Source of the following article Persuasive Litigator.

By Dr. Ken Broda-Bahm:

One time when I was working with an attorney getting ready for trial, I was there when the attorney learned that they would be able to give “mini-openings” prior to voir dire. But by “mini,” the court really meant “mini” — three to five minutes per side. The attorney’s reaction was to dismiss it. “I cannot really cover anything in three minutes,” she said. In response, I stressed that it was a chance to create a first impression, and to provide some context and greater usefulness for voir dire. I also said, “You would be surprised how much you can cover in three minutes.”

I recalled that advice just recently when I came across a page called “TED in Three Minutes.” The site features a number of speeches in the classic “TED-Talk” mode — dynamic and interesting “Ideas Worth Spreading,” but they’re shorter than the already-economical TED-Talk length of 18 minutes or less. As advertised, they’re just three minutes each. After watching a few, I was surprised at just how comprehensive they can be. So, if you need a short break, I’d encourage you to take a look. The goal of these speakers to do what they can in three minutes parallels an attorney’s need, not just in a mini-opening, but in the first few minutes of a more conventional opening statement or closing argument as well. In this post, I will draw from the TED examples and discuss five factors that make it work in three minutes.

1. Economize

You want short and succinct expression. You want simple sentences. Later on, you will need to dig into details and introduce legal and technical language where it helps. But for now, you want to chose the shortest way of expressing it, and that can require some preparation. In her three-minute talk, Carolyn Porco asks, “Could a Saturn Moon Harbor Life?” That talk does include some sophisticated content as she introduces the chemical components for life. And if you asked her, I bet she would say she left out a ton of information. But she effectively boils down what would otherwise be scientifically complex.

2. Say It Once, But Make it Vivid

Repetition and analysis can become habits for lawyers. And, over the course of the case, there will be a need for both. But in your three-minute version, find one way of expressing it that is punchy. In Nilofer Merchant’s talk, “Got a Meeting? Take a Walk,” for example, she begins with “What you are doing right now, is killing you.” And she proceeds to talk about the fact that we sit more than we sleep, and that sitting is the new smoking when it comes to previously unrecognized health problems. This vividly sets the stage for her focus on walking meetings.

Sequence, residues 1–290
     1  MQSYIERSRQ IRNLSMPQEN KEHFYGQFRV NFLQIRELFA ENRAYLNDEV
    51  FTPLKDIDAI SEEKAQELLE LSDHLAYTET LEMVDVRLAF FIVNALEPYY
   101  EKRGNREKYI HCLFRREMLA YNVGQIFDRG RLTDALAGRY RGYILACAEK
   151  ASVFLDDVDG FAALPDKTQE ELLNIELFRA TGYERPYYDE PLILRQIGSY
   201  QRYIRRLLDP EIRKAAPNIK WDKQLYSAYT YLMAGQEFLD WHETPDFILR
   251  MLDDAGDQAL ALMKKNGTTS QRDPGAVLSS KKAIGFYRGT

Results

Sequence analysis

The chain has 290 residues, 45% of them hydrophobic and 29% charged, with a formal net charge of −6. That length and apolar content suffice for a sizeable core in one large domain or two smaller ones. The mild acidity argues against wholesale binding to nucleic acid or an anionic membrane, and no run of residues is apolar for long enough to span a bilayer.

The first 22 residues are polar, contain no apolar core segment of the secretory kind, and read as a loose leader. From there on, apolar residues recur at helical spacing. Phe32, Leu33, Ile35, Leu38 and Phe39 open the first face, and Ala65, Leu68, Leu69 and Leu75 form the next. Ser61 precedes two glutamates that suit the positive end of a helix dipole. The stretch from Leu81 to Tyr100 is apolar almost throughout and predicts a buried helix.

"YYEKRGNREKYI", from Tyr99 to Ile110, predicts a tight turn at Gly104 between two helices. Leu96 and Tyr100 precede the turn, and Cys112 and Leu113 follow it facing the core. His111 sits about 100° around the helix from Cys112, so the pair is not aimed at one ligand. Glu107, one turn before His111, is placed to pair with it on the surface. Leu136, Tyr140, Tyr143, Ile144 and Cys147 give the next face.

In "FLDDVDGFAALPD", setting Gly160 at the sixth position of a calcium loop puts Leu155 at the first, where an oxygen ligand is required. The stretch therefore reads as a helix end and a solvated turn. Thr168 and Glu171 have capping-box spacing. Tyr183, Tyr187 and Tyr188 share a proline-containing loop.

3. Ditch the Preliminaries and Get Right to the Point

Don’t waste time on standardized comments at the beginning. There may be a time to emphasize the importance of jury duty, to thank them for being there, and to introduce your team. But in the first few moments, get right to the point. For example, Matt Cutts’ talk is called, “Try Something New for 30 Days.” He begins by saying, “A few years ago, I felt like I was stuck in a rut.” He decided on a response: “Think about something you want to add to your life, and try it, for 30 days.” Just 20 seconds in, you have his main point.

4. Base it Around a Simple and Memorable Phrase

For a brief presentation, or a self-contained introduction to a larger presentation, it is essential to ask yourself, “What is the one sentence I need them to understand and accept?” That message, also known as a theme, is critical for litigators. In addition to being the centerpiece of your “silver bullet” introduction, it should also be a recurring message that runs through testimony and demonstrative exhibits. In the TED talk discussed above, Matt Cutts’ simple theme is that, “Small sustainable changes are more likely to stick.”

5. Make It Visual

I’ve noticed that some attorneys have a tendency to treat courtroom visuals the  way they would treat evidence: They wait to use them until they are supporting a specific point. For that reason, they’ll often be skipped during an introduction. But, more broadly, visuals are a way of focusing and grabbing attention. At the overview stage, simple pictures used to illustrate your themes, as you would use in a PowerPoint, can be more effective than designed demonstrate exhibits. For some extraordinary visuals in the TED talks, check out Camille Seaman’s “Photos from a Storm Chaser,” but for simple iconic images that might help illustrate a story in litigation, take a look at Richard St. John’s “8 Secrets of Success.

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Image credit:, used under license